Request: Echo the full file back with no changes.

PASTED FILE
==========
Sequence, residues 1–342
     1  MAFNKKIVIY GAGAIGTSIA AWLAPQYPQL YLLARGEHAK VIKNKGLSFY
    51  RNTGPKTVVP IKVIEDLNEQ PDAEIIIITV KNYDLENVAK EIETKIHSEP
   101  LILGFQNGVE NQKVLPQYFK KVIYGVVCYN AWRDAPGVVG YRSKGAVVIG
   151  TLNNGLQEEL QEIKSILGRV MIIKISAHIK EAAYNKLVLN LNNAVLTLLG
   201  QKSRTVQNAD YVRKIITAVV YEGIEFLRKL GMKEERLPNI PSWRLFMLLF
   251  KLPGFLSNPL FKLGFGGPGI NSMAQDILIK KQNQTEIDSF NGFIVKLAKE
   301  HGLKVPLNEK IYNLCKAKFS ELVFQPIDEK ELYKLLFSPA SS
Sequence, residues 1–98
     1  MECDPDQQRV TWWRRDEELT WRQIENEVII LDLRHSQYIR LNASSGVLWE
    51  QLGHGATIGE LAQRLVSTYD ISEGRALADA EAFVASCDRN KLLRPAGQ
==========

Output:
Sequence, residues 1–342
     1  MAFNKKIVIY GAGAIGTSIA AWLAPQYPQL YLLARGEHAK VIKNKGLSFY
    51  RNTGPKTVVP IKVIEDLNEQ PDAEIIIITV KNYDLENVAK EIETKIHSEP
   101  LILGFQNGVE NQKVLPQYFK KVIYGVVCYN AWRDAPGVVG YRSKGAVVIG
   151  TLNNGLQEEL QEIKSILGRV MIIKISAHIK EAAYNKLVLN LNNAVLTLLG
   201  QKSRTVQNAD YVRKIITAVV YEGIEFLRKL GMKEERLPNI PSWRLFMLLF
   251  KLPGFLSNPL FKLGFGGPGI NSMAQDILIK KQNQTEIDSF NGFIVKLAKE
   301  HGLKVPLNEK IYNLCKAKFS ELVFQPIDEK ELYKLLFSPA SS
Sequence, residues 1–98
     1  MECDPDQQRV TWWRRDEELT WRQIENEVII LDLRHSQYIR LNASSGVLWE
    51  QLGHGATIGE LAQRLVSTYD ISEGRALADA EAFVASCDRN KLLRPAGQ